Sunday, December 19, 2004


My name is Petrény Zsolt and I am working as a software developer. I am mostly interested in .NET and especially in understanding it. That's why a few months ago I started write a program to better understand how MSIL (Microsoft Intermediate Language) works. My job is not directly related to IL (we're developing an ASP.NET application) thus I can work on this project only in my spare time.

A little bit about IL... As it's quite well known, when a code is compiled, the resulting assembly will contain IL instructions and metadata information (and a few other things like resources). The IL code will become real x86 machine instruction when the assembly is executed (let's talk about ngen later...).
The first time when a method is called, it will point to another method called PreStubWorker and this method will compile the IL instructions into x86 code. After this JIT (Just-In-Time) compilation the original method will contain a jmp instruction which points to the compiled x86 code. Thus the compilation will occur only once, at the first access of the method.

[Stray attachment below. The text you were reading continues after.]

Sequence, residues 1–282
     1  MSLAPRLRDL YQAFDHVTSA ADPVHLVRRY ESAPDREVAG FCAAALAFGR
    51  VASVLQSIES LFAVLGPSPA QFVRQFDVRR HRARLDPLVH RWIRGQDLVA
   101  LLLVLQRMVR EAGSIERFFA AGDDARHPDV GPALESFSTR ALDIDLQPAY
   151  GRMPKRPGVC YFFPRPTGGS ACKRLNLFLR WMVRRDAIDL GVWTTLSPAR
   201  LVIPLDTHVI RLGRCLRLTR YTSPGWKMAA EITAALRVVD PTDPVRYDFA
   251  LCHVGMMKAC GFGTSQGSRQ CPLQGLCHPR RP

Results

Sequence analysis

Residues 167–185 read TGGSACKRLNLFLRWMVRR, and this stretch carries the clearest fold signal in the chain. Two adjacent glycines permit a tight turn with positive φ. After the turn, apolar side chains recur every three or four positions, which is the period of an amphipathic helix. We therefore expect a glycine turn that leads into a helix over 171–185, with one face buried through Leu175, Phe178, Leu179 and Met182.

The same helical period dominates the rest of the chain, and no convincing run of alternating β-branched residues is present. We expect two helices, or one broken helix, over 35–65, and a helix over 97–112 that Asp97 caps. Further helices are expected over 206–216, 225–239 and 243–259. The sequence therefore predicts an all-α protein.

There are lots of good tools which help you to understand IL. The first and most important is ILDASM (IL Disassembler) which is part of the .NET Framework SDK.
Another disassembler program is Lutz Roeder's Reflector. I think this is the most popular (and best...) as it's not only able to show the IL code but it can also decompile the instructions into other languages like C#, VB.NET or Delphi. And there are also lots of useful add-ins for it.

I think this will be enough for an introduction. Unfortunately lately I can't spend as much time on my project as I would like to, but hopefully I'll be able to make a few entries every month in this blog.
If you have any question or correction (as I said I'm learning MSIL and not perfectly understand it yet ;-)) please leave a comment.